A decade of self-inspection has revealed some uncomfortable home-truths about science and research more broadly. Just some include large-scale failed replications, exposés of scientific fraud, and widespread questionable research practices. There are also broader concerns about the culture in which research is conducted, which relentlessly focuses on novelty, the individual, and publication track-records often at the cost of verification, crediting collective effort, and measuring academic worth in the round (Munafò, 2019; Munafò et al., 2017)
In response is the flourishing Open Science (or Research) movement, a set of self-organising initiatives aiming to shift research practices to greater reproducibility and transparency. These practices include but are not limited to sharing data/materials, pre-registration, scholarly outputs via preprints, open peer review, open teaching materials, and apportioning credit in a contributorship framework (Nosek et al., 2012; Nosek & Bar-Anan, 2012; Uhlmann et al., 2019).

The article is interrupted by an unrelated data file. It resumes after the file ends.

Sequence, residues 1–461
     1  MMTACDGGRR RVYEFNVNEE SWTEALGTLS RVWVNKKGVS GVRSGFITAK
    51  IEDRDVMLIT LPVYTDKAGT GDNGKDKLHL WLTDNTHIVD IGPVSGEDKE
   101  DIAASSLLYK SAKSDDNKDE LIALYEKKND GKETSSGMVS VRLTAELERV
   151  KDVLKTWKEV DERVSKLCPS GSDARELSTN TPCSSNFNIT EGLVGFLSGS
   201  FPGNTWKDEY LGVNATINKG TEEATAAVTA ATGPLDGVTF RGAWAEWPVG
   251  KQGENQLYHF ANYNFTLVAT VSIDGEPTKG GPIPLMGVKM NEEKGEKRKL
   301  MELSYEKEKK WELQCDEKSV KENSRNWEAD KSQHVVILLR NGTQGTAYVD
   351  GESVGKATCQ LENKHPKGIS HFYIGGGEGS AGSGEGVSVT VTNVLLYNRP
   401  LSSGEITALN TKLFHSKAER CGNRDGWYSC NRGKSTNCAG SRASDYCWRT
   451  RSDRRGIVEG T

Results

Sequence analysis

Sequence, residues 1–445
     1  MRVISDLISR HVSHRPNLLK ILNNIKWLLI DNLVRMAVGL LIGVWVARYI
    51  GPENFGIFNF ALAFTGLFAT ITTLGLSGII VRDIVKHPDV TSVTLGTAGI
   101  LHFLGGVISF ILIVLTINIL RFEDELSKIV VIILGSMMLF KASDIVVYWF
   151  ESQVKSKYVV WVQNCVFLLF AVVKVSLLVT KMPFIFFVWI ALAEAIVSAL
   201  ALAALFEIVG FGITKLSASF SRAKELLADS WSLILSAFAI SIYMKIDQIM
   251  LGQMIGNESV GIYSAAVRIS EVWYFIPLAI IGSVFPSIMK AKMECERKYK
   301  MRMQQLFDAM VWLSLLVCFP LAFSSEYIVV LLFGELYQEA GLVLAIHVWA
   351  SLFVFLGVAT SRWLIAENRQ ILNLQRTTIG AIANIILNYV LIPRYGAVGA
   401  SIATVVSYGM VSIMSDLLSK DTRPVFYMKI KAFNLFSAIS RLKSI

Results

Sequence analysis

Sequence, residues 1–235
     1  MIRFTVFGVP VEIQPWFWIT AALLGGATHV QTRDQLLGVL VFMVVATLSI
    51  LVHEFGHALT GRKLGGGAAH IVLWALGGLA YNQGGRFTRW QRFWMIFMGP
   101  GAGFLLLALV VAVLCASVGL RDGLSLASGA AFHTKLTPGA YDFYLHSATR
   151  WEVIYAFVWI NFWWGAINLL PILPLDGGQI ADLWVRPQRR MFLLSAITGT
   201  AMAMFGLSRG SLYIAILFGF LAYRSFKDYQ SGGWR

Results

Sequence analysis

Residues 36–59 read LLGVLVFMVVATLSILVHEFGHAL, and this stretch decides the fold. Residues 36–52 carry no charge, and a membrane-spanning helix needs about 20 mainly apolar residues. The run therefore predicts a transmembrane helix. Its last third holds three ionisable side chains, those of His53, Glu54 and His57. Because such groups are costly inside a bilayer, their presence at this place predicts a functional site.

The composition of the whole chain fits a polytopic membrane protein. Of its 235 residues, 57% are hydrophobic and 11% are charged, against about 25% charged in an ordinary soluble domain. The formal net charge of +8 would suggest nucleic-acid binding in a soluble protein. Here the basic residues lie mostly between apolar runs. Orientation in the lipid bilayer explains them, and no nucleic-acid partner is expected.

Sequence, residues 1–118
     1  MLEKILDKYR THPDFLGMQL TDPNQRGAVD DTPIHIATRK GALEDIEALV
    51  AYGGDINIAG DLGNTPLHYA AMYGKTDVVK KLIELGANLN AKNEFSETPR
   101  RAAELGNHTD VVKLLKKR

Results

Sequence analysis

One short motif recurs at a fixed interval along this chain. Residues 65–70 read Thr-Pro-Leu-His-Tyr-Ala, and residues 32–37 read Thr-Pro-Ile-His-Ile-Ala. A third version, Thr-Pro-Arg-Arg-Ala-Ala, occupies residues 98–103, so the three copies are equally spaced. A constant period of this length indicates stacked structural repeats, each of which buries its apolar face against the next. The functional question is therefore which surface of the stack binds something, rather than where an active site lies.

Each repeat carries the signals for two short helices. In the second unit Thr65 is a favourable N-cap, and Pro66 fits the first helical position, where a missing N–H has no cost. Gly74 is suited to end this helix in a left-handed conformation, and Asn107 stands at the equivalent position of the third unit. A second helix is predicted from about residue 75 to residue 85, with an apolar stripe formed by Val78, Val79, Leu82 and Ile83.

The King’s Open Research Conference sought to highlight key factors that undermine advances in research, and how Open Research practices can provide many and varied solutions. The ultimate aim was to show that, with Open Research practices, one can reimagine research culture in a way that is both for the betterment of researchers and for research quality and integrity.
Below are recordings for each of our speakers for your viewing. But, before you watch them, please know that the conference was just one among many (ongoing) projects to engender a culture of Open Research at King’s College London. I founded and co-organise the RIOT Science Club and the King’s Open Research Group Initiative, two successful initiatives that attempt to raise awareness and provide support for rigorous scientific practices from the bottom-up and top-down, respectively. King’s College London has also recently signed up to the UK Reproducibility Network (UKRN), a network of UK universities collaborating to promote robust research practices, such as Open Research and reproducibility.
If you would like to know more, please contact myself, Sam Westwood, the UKRN local lead at KCL.